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U.S. Aircraft Carrier Sent To Yemen

The U.S. Navy has sent an aircraft carrier and a guided-missile cruiser toward Yemen.

The U.S. Navy sent the carrier USS Theodore Roosevelt and its escort cruiser, USS Normandy, from the Gulf into the Arabian Sea on April 19.

Army Colonel Steve Warren, a Pentagon spokesman, denied reports the ships were on a mission to intercept Iranian arms shipments to Yemen.

The ships will join seven other U.S. warships in the waters near Yemen, where Iranian-backed Huthi rebels are battling forces loyal to the Western-backed president.

The U.S. Navy said it had increased its presence in the area because of the instability.

It said in a statement the purpose was to "ensure the vital shipping lanes in the region remain open and safe."

The actions come as U.S. officials closely monitor a convoy of seven Iranian ships believed to be headed toward Yemen with unknown cargo aboard.

At the White House, spokesman Josh Earnest acknowledged concerns about arms shipments from Tehran to the Huthis.

"We have seen evidence that the Iranians are supplying weapons and other forms of support to the Huthis in Yemen," Earnest said.

"That's the kind of support that will only contribute to greater violence in that country, a country that's already been racked by too much violence."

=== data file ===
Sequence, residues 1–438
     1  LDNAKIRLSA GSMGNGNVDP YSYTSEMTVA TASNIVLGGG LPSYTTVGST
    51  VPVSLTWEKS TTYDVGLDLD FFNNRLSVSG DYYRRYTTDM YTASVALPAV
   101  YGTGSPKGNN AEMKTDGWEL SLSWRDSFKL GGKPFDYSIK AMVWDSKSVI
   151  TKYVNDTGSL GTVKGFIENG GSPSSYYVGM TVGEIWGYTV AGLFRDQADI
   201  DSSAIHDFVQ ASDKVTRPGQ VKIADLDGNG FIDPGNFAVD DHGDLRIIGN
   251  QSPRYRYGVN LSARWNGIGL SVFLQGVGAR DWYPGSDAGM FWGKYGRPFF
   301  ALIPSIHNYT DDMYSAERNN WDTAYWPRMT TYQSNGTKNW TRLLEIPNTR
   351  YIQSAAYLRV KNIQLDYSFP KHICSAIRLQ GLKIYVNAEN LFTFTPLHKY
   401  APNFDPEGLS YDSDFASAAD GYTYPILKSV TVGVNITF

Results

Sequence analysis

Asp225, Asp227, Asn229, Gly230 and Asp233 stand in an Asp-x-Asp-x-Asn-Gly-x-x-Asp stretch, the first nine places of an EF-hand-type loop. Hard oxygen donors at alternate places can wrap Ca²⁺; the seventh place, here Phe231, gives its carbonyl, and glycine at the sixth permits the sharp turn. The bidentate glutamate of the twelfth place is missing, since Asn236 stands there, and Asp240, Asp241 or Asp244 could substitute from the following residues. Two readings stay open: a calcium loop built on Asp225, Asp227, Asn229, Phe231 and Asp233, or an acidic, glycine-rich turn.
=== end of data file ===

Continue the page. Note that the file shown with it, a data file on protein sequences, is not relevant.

The Shi'ite Muslim Huthi fighters control much of Yemen after seizing the capital Sanaa in September, 2014.

Saudi Arabia and a coalition of its Arab allies have launched air strikes in an effort to stop the advance of the Huthis, a move Tehran has condemned.

In a column published April 20 in the New York Times, Iranian Foreign Minister Mohammad Javad Zarif called for a regional dialogue, and said "Yemen would be a good place to start."

He noted that Iran had urged an immediate cease-fire, humanitarian aid, and an "intra-Yemeni dialogue" leading to the formation of a national unity government.

Reacting to Zarif's remarks, U.S. State Department spokeswoman Marie Harf said Washington might talk with Iran about promoting regional stability.

However, Harf noted there was a difference between talking with the Iranians and working with them.

"We've always said we won't be coordinating or working with the Iranians, and there's a difference between discussing and working with," she said.

Based on reporting by AP, Time, and U.S. News
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